WW4 Report

Al-Zawahiri: We'll kill thousands.

Al-Jazeera has aired another propaganda video from Ayman al-Zawahiri, now said to be al-Qaeda's number two man after Osama bin Laden. "Your new crusade will end, God willing, with the same defeat as its predecessors, but only after you have suffered tens of thousands of dead and the destruction of your economy," Zawahiri said in his message to "the peoples of the West" broadcast by the Qatar-based satellite channel. (AFP, Feb. 21)

Anti-Republican raids across Ireland

Irish police say they have seized nearly $5 million in a series of raids on suspected Republican safehouses across the country, uncovering what hardline Justice Minister Michael McDowell called a "colossal crime machine, laundering huge sums of money." One suspected IRA militant was reportedly caught burning a pile of British currency in his backyard. But authorities admitted they were unable to determine if any of the money came from December's massive Belfast bank heist which British and Irish officials alike have blamed on the IRA, leading to a breakdown of peace talks. (AP, Feb. 19)

Terror in Thailand

Six are dead and over 40 injured following a car bomb attack in the southern Thai city of Sungai Kolok. The bomb went off in a hotel parking lot hours after newly-elected Prime Minister Thaksin Shinawatra had completed a visit to the restive Muslim-majority region. The government blamed relatives of wanted insurgent leaders for the blast.

Amazon militarized in wake of assassination

In the global outcry over the slaying of US nun Dorothy Stang, a local crusader for the Amazon rainforest and its threatened peasants and Indians, Brazil's President Luis Inacio da Silva signed a decree Feb. 17 creating two vast protected areas in the forest. Part of the Amazon Region Protected Areas (ARPA) initiative sponsored by the World Bank and World Wildlife Fund, the new protected area includes the 8.3 million-acre Terra do Meio Ecological Station and the 1.1 million-acre Serra do Pardo National Park in the eastern sector of the central Amazon. "Conservation in the Amazon takes a giant step forward with this decree," said Carter Roberts, WWF's chief conservation officer. (WWF press release, Feb. 18)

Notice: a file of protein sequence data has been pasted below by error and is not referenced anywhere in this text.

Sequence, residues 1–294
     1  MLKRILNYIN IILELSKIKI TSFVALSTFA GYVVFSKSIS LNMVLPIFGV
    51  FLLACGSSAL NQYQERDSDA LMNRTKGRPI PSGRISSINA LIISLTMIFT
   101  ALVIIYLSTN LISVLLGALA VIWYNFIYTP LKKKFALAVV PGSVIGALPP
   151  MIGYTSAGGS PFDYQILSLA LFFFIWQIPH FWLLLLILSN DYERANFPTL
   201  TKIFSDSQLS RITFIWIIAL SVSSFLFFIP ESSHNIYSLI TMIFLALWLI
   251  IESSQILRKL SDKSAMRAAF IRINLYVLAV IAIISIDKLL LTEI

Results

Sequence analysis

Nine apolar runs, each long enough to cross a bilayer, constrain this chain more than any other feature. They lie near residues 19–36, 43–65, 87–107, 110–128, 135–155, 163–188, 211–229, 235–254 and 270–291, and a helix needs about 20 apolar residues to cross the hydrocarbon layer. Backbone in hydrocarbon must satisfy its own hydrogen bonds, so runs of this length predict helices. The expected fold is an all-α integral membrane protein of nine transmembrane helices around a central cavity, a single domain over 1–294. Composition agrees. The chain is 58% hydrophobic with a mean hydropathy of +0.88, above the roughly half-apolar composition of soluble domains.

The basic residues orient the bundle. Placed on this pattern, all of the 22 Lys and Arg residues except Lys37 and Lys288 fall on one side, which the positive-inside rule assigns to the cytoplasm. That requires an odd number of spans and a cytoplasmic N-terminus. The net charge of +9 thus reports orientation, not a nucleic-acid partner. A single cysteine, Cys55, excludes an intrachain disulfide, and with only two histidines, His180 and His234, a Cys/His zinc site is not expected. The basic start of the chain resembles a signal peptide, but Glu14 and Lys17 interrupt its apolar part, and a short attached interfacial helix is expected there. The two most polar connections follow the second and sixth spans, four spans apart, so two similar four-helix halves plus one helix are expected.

Iran: US using spy planes

You read it here first, but now its official. Iran's government has officially blamed US spy drones for a wave of UFO sightings, and warns that it will shoot the craft down. Information Minister Ali Yunessi threatened that if the craft come within range, "they will definitely meet our fire." (NYT, Feb. 18)

Negroponte fingered for intelligence czar

John Negroponte has been named by Bush to be the first Director of National Intelligence, a post created by the Intelligence Reform and Terrorism Act, recommended by the 9-11 Commission and signed into law in December. If confirmed by the Senate, Negroponte will oversee some 15 agencies, including the CIA, FBI, NSA, Homeland Security Dept., etc. (LAT, Feb. 17)

US air strikes in Iran?

Two weeks ago, WW4 Report cited a little-noted UPI story that the US Air Force has already started flying misions over Iran, to "grid" the country's military and industrial infrastructure for bombing raids. Today comes a report from Israel's Haaretz that bombing may have already begun—even if by accident. "A powerful explosion was heard this morning on the outskirts of Dailam in the Bushehr province. Witnesses said that the missile was fired from an unknown plane 20 km from the city," Iran's Arabic language Al-Alam said. Ominously, the site of the explosion was just 180 kilometers from the Bushehr nuclear reactor, Iran's first, built with Russian assistance. No immediate accusation of a US attack was made, and a spokesman for Iran's Interior Ministry even raised the possibility of "friendly fire"—that an Iranian plane could have accidentally dropped a fuel tank. US officials were circumspect. "We've seen the reports and we're looking into it," said White House spokesman Scott McClellan.

Forest defender assassinated in Amazon

In a case being compared to that of Chico Mendes, the Amazon defender killed in 1988, US missionary Sister Dorothy Stang was shot dead by unknown assailants at a remote jungle settlement near Anapu in the Brazilian state of Para Feb. 12. Stang, 74, of the Sisters of Notre Dame de Namur, had been a campaigner for human rights and forest protection in the Amazon for three decades, and had reported receiving numerous death threats from land speculators and cattle barons.

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